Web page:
Hope Through A Piano Key
Roger W. Lowther
December 30, 2020 • Tokyo, Japan
After the 2011 tsunami in Japan, there was a tendency to think that everything was beyond repair, that nothing would ever get better. When the people at Kamaishi Church found their piano upside down in a pile of mud and debris and tried playing the keys, it could still make music...though barely. Only one piano key really still worked!
As the people looked at their broken piano, they remembered the promises of God. God does not abandon us in the mud and muck of this broken world, but fixes us, encourages us, and gives us the courage to keep going and to rebuild. The piano gave people the strength to rebuild their church and their lives. The pastor personally assured me that the strength this piano gave cannot be emphasized enough!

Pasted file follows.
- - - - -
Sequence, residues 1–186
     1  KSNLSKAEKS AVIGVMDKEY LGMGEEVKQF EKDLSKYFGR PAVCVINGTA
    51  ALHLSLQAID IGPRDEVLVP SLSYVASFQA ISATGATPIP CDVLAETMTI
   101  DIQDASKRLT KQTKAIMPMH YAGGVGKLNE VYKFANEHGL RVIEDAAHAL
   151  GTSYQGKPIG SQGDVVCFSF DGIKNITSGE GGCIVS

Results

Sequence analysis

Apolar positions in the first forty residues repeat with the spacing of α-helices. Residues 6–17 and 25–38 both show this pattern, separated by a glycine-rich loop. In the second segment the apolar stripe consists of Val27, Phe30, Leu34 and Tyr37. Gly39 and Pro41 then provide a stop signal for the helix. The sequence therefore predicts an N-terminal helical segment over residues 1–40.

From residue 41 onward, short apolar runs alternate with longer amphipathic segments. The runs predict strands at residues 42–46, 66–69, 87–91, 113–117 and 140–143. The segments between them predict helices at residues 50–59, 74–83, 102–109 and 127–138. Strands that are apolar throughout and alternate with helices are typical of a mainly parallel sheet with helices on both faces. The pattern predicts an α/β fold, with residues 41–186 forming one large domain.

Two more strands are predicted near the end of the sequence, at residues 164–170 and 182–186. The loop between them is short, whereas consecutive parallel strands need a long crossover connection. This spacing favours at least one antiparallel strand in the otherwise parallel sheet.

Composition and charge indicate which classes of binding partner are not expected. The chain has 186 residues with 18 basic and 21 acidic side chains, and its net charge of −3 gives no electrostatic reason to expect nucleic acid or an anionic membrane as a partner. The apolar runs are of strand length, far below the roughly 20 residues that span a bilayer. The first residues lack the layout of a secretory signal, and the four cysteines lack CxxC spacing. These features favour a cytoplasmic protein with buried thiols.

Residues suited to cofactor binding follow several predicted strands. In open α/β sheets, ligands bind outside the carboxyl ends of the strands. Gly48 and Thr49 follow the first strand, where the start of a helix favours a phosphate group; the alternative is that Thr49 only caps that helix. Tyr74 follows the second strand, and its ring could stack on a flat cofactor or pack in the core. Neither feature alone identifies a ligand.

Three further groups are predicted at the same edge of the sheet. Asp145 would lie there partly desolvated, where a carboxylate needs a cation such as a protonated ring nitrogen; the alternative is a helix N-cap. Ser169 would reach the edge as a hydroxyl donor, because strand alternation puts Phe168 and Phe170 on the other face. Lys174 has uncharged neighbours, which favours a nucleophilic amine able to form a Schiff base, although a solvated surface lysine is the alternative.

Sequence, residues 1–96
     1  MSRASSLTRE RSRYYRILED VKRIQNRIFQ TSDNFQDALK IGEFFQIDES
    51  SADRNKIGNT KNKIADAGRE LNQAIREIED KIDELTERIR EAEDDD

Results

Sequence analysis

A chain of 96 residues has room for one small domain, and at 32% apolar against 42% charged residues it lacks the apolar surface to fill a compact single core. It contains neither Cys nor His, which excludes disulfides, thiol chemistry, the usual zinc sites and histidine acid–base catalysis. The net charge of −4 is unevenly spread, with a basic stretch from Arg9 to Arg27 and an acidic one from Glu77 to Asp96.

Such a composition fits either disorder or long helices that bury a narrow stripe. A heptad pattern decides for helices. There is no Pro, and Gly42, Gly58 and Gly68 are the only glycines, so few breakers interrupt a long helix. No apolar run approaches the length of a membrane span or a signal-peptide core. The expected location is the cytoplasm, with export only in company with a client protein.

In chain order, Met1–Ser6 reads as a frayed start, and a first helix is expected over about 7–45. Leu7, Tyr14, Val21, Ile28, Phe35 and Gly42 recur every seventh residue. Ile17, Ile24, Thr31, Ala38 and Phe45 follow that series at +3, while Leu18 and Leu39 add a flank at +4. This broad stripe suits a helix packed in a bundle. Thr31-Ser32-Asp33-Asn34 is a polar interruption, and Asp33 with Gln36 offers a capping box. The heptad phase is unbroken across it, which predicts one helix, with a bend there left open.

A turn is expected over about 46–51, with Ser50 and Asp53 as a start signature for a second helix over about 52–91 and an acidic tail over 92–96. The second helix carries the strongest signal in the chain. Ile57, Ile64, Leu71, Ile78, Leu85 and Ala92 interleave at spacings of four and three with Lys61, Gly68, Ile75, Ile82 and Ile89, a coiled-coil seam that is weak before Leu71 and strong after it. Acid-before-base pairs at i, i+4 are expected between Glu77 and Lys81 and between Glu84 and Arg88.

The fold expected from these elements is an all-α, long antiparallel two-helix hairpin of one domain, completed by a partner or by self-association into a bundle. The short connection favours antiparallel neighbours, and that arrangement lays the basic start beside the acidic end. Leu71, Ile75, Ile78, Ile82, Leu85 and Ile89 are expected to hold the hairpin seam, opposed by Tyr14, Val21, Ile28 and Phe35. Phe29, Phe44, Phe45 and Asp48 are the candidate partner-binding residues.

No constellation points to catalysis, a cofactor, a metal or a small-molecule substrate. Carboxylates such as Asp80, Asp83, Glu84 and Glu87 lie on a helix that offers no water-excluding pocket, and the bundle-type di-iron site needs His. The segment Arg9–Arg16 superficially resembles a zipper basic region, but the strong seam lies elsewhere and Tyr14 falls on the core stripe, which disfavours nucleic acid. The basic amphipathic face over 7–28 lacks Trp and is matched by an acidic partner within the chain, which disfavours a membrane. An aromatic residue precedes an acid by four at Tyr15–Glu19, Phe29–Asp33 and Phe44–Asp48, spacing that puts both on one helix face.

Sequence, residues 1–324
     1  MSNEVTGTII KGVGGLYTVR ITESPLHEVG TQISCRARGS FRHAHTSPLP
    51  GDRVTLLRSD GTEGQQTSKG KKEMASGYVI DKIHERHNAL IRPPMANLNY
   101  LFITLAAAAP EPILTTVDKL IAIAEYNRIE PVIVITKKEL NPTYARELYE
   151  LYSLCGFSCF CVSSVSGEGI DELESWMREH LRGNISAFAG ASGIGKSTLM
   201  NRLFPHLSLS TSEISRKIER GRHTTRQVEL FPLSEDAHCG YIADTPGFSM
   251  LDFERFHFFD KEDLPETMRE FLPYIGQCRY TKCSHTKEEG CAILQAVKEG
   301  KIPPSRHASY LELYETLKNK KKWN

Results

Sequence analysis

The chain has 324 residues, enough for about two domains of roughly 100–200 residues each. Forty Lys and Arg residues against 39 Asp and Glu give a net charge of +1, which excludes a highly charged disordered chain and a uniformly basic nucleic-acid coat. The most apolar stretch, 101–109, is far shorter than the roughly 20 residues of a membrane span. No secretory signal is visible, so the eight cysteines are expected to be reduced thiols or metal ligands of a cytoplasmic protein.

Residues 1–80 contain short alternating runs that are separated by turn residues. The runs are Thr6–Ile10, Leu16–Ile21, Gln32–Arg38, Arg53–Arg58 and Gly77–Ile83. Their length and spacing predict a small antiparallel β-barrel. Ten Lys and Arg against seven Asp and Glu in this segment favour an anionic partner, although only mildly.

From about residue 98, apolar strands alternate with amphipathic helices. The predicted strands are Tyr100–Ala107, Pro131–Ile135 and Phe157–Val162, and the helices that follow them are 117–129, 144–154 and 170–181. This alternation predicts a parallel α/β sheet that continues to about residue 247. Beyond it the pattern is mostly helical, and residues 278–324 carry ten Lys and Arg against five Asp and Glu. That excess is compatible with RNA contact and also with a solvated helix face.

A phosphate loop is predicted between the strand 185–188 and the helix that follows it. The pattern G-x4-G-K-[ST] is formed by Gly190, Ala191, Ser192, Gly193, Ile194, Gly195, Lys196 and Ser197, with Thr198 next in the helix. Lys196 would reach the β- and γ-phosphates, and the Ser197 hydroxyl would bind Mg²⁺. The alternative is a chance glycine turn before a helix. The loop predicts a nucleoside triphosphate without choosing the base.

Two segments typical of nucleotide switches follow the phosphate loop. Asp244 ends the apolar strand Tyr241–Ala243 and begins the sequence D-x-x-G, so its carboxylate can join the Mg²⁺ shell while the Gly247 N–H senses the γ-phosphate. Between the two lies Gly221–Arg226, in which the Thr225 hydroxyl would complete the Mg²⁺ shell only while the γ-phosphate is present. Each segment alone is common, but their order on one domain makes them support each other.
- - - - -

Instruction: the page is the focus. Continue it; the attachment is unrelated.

The church now hosts a “piano of hope” concert series, and musicians come from all over Japan to play it. The piano does not just bring hope to the people of that church but to the whole region, and many who come to these concerts hear about the Christian promise of redemption for the first time.
Many artists do not see the importance of their role in helping people and in bringing hope and healing to really hard situations. Most of the time we do not get to see or hear the stories of the full effect of our art. Occasionally, God gives us glimpses into those moments.
We are excited to announce that Community Arts Media's launched its first children's book Pippy the Piano and the Very Big Wave earlier this month. The book tells the story of redemption through the eyes of this broken piano at Kamaishi Church.
It is our hope that this story will encourage you as we all work through our craft to show God's love to a broken world.